The illegal killing of elephants has been on the rise again with poaching at its highest level in a decade, fuelled by global demand for ivory, particularly in Asian countries.
Johnny Rodrigues, the chairman of the Zimbabwe Conservation Task force, implored government to take drastic action to stop the menace.
Almost all of the elephants that have been killed for their ivory by poachers in the last few months have died because of cyanide, used to poison their water holes in Hwange, the country’s largest game park.
Wildlife department officials have confirmed that the deadly chemical also killed numerous smaller animals and predators which feed on them. Last month nine poachers were arrested after rangers tracked them to a cache of ivory hidden in the park.
Rodrigues told SW Radio Africa on Monday that the authorities must find a way of ensuring that safari operators in the Hwange national park give a certain percentage of the game they kill to local communities, for food.
Some of the local communities who live on the borders of Hwange national park have been linked the poaching, as they try to make a living from assisting the criminal gangs.
It’s believed the communities used to make money from selling game meat but have in the last years been shut out of the business by safari owners, who got their licences under ZANU PF’s indigenization program.
‘Before the safari businesses were given to people who support the system (ZANU PF), safari owners used to give a certain percentage of their hunt to local communities. In the last five years it hasn’t been happening.
‘What will end up happening is that villagers who live around wildlife areas will have no choice but go and kill the animals for survival,’ Rodrigues said.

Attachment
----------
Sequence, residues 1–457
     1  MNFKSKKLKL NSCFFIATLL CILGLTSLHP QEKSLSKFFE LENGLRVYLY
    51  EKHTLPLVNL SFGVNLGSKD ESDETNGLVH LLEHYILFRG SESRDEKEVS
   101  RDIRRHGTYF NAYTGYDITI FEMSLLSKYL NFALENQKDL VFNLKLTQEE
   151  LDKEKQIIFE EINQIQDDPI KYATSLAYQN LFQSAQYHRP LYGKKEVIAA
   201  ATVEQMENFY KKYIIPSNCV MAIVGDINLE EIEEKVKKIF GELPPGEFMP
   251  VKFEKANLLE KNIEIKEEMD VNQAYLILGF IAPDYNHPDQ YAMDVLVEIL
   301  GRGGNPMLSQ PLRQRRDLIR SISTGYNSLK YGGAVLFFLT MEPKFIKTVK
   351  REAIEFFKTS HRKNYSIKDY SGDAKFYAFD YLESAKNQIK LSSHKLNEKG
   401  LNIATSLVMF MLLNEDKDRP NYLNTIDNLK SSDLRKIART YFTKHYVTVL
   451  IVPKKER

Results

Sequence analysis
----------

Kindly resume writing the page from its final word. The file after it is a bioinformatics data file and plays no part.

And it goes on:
The conservationist added that since May the country has lost at least 325 elephants to poachers; 300 were killed in the Tsholotsho district, 15 in Ngoma and 10 near the main camp in Hwange national park.
Over the weekend more elephant carcasses were discovered in Hwange, in what is suspected to be a fresh case of cyanide poisoning. Newspaper reports on Monday said next to the eight carcasses were seven dead vultures.
Lionel Saungweme, our correspondent in Bulawayo, told us the poachers are becoming more sophisticated and audacious—after their latest killings under the noses of park rangers at the main camp.
‘By going to such great lengths to poison the elephants, right under the radar of park officials, shows the poaching gangs are becoming more sophisticated, more vicious and much harder to catch.
‘There are fears that higher-ranking beneficiaries of this poaching syndicate remain untouched, while the small fish that actually do the dirty work are the ones that have been caught and sent to jail,’ Saungweme said.
He explained that the decimation of elephants and other wild animals represents not only the depletion of precious and irreplaceable wildlife, but a threat to the livelihoods of the tens of thousands of ordinary Zimbabweans who rely on the tourist industry generated by wildlife. – SW Radio AfricaPost published in: News